Amelia Earhart A Lost Voyage

1129 words - 5 pages

Amelia Earhart was born on July 24th, 1897 in Atchison, Kansas. Most of the time of her growing up was spent at her grandmother’s house. As Amelia’s mother (whose name was Amelia Otis, note the maiden name) married a man (Edwin Earhart) who had alcohol issues. This led a boatload of almost-divorces, and separation of the family. But during the time Amelia was able to do very well in school.

After Amelia had graduated she visited her sister in Toronto. This was during a time when many World War 1 veterans were coming home (which also meant a lot of lost limbs.) Amelia got to know the veterans well, many of which are pilots. She decided to volunteer as a nurse’s assistant for the Red Cross. Amelia even went to the extent of enrolling in medical studies at Colombia University, but she dropped out after a year to live with here family.

In 1920 Amelia went to an airshow that kick started her love for airplanes. So shortly afterwards she started seeking flying lessons (not cheap). But after a year of saving and lessons she bought her first airplane, a Kinner Airster biplane that she called the “Canary”. So on May 15th of 1923 Amelia Earhert became the 16th woman to be issued a pilot license.

However not all is uphill, Amelia’s family was running out of money. Most of what money they had was their grandparent’s inheritance, which as you can imagine they blew away in a matter of years. So Amelia’s parents got divorced once again and Amelia and her mother went to Boston for some odd reason, who knows why, but they did. Amelia tried going to Colombia University again but she simply ran out of money and had to drop out a second time.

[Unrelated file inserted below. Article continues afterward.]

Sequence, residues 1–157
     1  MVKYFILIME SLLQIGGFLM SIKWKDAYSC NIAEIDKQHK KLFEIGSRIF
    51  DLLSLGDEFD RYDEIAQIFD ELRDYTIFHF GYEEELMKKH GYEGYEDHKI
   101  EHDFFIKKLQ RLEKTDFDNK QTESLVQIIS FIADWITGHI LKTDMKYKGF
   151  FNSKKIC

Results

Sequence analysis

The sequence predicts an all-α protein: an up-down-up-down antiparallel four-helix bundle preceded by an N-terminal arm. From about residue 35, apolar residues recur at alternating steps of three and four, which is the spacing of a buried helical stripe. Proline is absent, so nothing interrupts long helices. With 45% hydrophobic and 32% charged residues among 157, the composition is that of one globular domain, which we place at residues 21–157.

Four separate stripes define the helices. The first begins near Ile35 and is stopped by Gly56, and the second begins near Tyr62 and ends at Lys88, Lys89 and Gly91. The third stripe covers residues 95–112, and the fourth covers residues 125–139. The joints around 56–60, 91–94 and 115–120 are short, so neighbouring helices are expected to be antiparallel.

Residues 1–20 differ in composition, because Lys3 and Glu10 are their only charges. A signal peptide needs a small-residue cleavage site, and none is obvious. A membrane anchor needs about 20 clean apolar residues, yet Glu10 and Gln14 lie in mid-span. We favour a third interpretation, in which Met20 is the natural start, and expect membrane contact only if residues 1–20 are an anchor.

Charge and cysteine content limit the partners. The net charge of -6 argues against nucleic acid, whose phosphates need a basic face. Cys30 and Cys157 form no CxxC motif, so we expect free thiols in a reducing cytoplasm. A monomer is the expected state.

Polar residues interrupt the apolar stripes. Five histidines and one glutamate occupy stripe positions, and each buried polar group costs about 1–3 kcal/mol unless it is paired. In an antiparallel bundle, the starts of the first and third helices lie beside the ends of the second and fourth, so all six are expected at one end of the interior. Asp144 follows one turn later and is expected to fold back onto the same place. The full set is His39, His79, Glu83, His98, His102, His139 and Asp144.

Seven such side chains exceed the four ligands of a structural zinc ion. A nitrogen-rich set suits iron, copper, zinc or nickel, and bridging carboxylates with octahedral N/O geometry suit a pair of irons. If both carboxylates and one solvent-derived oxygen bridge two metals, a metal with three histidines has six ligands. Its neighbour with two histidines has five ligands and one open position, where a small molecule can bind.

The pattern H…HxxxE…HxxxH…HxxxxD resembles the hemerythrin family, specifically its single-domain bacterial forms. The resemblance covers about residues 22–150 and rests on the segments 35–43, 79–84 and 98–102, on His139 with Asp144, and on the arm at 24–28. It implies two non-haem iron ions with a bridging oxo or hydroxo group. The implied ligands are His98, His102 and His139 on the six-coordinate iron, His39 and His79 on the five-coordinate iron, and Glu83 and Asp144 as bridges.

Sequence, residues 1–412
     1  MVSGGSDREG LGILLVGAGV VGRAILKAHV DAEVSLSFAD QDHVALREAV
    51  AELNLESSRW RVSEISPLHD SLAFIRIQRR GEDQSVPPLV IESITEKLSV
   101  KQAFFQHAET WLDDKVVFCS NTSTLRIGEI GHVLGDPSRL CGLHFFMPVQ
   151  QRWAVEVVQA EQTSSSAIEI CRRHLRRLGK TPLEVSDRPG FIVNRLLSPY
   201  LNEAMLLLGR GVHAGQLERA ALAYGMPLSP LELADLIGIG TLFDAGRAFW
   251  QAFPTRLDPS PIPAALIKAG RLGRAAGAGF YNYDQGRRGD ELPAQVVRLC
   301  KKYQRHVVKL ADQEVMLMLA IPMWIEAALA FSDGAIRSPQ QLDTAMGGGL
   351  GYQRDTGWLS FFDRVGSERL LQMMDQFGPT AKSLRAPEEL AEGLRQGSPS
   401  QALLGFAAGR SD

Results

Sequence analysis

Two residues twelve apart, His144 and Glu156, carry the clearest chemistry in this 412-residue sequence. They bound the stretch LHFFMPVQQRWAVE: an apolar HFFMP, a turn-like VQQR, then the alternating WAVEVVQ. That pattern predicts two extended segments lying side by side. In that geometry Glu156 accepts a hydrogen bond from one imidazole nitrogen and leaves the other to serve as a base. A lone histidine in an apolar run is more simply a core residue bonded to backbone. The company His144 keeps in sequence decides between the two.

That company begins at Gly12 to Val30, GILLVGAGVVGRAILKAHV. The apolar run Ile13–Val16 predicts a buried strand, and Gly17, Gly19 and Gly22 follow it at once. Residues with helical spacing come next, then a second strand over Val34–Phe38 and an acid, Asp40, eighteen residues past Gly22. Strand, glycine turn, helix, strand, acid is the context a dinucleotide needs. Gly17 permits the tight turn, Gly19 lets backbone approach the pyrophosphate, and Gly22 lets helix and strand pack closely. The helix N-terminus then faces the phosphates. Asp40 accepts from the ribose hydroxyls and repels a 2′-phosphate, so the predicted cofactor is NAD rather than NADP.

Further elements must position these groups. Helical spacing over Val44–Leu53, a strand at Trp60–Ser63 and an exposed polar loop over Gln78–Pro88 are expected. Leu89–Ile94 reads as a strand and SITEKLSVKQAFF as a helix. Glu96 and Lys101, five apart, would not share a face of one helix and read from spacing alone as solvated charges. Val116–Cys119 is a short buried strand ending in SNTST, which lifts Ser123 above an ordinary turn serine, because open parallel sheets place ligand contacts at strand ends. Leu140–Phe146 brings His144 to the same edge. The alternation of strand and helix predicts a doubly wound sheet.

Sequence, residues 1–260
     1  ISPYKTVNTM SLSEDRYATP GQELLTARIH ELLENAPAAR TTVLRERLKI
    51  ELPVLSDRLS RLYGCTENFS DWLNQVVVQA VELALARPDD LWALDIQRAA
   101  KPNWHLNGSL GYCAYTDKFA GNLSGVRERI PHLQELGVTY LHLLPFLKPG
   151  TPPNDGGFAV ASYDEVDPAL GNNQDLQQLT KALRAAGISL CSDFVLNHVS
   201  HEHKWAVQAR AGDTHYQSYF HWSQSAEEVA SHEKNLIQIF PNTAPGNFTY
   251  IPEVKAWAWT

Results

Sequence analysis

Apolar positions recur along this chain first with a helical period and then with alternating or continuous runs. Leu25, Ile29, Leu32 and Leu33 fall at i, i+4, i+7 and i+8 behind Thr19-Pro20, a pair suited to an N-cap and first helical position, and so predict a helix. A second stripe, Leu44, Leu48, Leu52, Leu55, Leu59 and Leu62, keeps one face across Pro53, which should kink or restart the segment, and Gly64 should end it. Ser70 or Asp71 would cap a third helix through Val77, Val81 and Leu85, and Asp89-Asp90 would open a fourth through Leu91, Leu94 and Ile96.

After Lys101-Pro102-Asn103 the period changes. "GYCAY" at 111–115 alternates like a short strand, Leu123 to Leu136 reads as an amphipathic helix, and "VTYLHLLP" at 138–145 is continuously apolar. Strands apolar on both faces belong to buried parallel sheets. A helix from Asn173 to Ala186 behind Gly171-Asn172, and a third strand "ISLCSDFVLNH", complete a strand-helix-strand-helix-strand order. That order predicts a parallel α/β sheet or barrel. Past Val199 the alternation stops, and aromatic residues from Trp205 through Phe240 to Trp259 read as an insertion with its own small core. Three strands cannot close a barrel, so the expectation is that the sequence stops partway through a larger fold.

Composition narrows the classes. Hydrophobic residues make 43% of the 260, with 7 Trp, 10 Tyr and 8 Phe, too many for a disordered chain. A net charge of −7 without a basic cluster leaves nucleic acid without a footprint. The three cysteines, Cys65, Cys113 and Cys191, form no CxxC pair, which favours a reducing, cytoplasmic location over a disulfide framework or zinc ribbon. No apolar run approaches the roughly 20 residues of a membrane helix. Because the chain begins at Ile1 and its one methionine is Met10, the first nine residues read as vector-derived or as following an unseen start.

In 1927 Amelia decided she loves flying again, although she had no money to actually go flying, she joined the American Aeronautical Society and wrote all sorts of articles and propaganda to promote flying in the local newspaper. This attracted the attention of some very ambitious people.

A year later, Amelia was asked to join an inter-Atlantic flight by Captain Hilton H. Railey. Amelia agreed to it about a millisecond after it was asked. So in June, tag-along Amelia, pilot Wilmer Stultz, and co-pilot Louis Gordon set off from Newfoundland to the United Kingdom in a plane named “Friendship”. The trip took them a soon to be massive flying-propaganda motto, 20 hours, 40 minutes.

When Amelia and the pilots return to New Yorks (by an inefficient boat named President Roosevelt, note the boat name, its important) they were greeted by a giant red ribbon. Amelia was given all the fame and rose to the stars and was interviewed by all sorts of journalists. This made Amelia want to fly more, not just a passenger. So Amelia does just that. She embarks on a simple, not so oceany, trip across the United States, in a plane, which of course succeeds but did not gain much publicity.

Amelia met a person named George Putman in 1929, George was married, then he got a divorce to marry Amelia, after several proposals Amelia accepts but...

Find Another Essay On Amelia Earhart - A Lost Voyage

Theories on the Disappearance of Amelia Earhart

1390 words - 6 pages Introduction Throughout the 1920s and 30s, although forming a thirteenth of all aviators, many women played a significant role in flying. (Corn, p 72) Amelia Earhart was one of these women. She was a pioneer in women’s aviation. In 1928, she became the first woman to fly across the Atlantic alongside pilot Wilmer "Bill" Stultz and co-pilot/mechanic Louis E. "Slim" Gordon. Four years later, she became the first woman to fly solo across the same